Chicago Fashion Trip that Almost Wasn’t
Filed under: Fashion
October 3, 2017
The students in fashion programs Fashion Design (BS) and Fashion Marketing & Management (BS) had a wild ride to Chicago. Despite a broken down bus, jumping on a double decker tour bus and walking a half dozen blocks, the tours of stores, manufacturing plants, and showrooms were unmeasurable experiences for the students from The Art Institute of Indianapolis. “Our students are very visual,” said chaperone and Ai Indy instructor Jo Dean Tipton. “It is important for them to see the process from the beginning to end—the fabric stores to the manufacturing facilities to the wholesale showrooms and then into retail stores.”
Students started at Chicago’s Merchandise Mart. They met with Shilan Fine who owns Shilan Accessories, LTD and Margot Nussbaum of Margot Nussbaum and Associates clothing lines. Both explained how they work with designers to display their creations and how those creations are bought by retailers to sell in their stores. Also, how they work with catalogs like Sundance and home shopping networks.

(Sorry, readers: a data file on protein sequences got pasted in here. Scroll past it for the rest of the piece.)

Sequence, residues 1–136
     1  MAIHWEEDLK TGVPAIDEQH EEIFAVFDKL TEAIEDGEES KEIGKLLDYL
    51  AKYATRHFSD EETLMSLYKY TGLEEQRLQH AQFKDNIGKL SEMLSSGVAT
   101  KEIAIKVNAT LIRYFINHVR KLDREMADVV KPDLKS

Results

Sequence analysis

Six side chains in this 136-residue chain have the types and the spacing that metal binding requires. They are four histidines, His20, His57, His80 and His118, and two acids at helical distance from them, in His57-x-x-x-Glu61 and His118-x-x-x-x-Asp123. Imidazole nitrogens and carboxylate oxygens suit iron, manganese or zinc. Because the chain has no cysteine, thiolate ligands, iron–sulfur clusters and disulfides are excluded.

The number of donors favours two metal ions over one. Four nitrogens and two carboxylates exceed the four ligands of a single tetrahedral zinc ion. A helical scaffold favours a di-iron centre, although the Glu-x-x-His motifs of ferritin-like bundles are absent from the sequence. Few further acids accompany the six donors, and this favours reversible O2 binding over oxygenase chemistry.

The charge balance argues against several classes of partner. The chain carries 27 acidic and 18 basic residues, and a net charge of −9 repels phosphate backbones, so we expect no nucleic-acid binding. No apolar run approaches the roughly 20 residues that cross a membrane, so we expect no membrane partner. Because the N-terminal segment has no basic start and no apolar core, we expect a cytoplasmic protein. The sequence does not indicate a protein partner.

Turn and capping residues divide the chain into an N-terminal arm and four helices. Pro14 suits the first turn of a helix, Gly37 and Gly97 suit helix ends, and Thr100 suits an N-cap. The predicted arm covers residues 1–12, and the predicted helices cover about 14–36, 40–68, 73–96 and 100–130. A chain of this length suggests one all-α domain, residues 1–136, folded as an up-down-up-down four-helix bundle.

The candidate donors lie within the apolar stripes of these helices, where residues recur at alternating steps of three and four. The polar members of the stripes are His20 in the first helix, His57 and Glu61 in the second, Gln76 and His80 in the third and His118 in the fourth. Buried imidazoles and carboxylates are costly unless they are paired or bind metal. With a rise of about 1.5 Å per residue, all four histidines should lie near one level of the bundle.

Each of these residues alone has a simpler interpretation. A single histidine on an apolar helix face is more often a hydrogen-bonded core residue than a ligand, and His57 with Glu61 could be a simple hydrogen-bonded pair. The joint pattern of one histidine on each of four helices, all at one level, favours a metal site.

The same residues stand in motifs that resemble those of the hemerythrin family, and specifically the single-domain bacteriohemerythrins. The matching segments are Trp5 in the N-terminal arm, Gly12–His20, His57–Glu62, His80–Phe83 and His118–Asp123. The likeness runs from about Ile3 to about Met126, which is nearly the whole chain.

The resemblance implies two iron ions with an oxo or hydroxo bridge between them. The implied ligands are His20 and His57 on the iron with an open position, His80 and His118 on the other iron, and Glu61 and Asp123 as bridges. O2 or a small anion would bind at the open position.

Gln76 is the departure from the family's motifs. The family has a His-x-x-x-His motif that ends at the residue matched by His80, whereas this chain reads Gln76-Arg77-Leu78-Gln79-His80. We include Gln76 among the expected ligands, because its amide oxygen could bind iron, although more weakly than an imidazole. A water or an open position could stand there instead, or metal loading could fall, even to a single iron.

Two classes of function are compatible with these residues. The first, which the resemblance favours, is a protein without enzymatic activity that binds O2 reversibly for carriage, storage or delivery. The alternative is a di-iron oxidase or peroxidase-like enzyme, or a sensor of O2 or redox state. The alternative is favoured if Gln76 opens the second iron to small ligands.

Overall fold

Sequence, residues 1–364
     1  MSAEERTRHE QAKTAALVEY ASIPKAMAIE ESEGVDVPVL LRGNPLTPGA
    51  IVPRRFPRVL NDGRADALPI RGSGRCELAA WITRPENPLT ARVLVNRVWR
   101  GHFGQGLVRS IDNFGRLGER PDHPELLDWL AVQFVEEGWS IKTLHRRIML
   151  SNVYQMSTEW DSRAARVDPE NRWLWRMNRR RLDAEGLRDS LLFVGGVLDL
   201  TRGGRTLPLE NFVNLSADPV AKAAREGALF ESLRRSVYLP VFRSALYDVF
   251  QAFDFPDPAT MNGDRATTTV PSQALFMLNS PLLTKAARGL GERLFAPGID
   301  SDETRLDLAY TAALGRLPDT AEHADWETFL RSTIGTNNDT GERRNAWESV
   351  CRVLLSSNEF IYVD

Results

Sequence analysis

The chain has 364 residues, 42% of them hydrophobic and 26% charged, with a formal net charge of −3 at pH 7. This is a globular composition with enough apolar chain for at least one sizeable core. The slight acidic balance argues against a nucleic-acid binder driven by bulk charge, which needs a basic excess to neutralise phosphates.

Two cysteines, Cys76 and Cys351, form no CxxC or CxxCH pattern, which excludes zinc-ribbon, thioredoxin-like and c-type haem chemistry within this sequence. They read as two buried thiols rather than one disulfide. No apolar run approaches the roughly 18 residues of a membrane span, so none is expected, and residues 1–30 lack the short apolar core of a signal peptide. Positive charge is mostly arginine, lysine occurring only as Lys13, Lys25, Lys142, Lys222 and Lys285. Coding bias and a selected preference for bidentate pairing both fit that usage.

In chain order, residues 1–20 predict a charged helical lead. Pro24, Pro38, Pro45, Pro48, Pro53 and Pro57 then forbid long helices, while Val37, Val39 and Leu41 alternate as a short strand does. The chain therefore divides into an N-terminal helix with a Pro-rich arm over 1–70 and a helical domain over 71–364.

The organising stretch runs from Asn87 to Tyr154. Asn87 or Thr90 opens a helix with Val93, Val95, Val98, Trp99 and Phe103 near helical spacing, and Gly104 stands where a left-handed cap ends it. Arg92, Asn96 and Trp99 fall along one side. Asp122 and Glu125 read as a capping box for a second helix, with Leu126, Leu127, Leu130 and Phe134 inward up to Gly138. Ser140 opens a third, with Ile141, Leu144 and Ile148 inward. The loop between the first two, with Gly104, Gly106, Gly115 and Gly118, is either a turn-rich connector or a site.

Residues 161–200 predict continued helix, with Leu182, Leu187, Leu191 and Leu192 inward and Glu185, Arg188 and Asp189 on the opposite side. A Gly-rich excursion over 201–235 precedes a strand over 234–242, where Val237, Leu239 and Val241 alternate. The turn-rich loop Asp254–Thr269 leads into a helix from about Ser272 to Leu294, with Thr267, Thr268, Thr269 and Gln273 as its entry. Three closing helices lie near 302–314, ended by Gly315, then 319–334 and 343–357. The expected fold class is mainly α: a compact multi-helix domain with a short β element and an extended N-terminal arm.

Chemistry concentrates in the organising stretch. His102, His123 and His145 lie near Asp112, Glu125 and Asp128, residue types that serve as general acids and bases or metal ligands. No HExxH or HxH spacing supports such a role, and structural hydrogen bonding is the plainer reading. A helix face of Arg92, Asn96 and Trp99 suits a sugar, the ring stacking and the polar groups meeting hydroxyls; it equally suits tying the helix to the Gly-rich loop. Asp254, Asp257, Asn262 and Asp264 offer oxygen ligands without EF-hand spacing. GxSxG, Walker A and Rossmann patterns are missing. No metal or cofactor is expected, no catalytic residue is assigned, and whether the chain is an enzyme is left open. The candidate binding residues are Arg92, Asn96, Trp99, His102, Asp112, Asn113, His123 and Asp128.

Students at the Margot Nussbaum and Associates showroom (left) and Fishman's Fabrics (right), both in Chicago.
From there the students headed to Fishman’s and New Rainbow Fabrics. The selections outweigh anything available in Indianapolis. Many students came away with swatches and remnant bags of material for future projects. The Fashion Design students nearing the end of their program were excited to find possibilities for their final collection they are required to design and produce.
Final stops were two retailers—Urban Outfitters and John Fluevog, an artistic shoe line. These store employees explained the layout of the store, displays, groupings and determining what will sell in what part of the country. Fluevog was a treat for both Tipton and the other chaperone, Ai Indy Instructor Lisa Brazus, who just happened to both own a pair of Fluevogs.
Ai Indy Students at Fluevog
The students also had some free time to check out places on their own. Some found a manufacturing facility. Others visited an industrial sewing machine store. “I hope this was an eye opening trip for our students as to the possible internships or jobs out there and the resources for designing,” says Tipton. As for the rough start to the trip Tipton says, “I love when you move forward and find a solution. Happens in the fashion industry all the time. We are constantly solving problems.”
Abby Shaffer is a freelancer in media and public relations with a BA in Communications from DePauw University.
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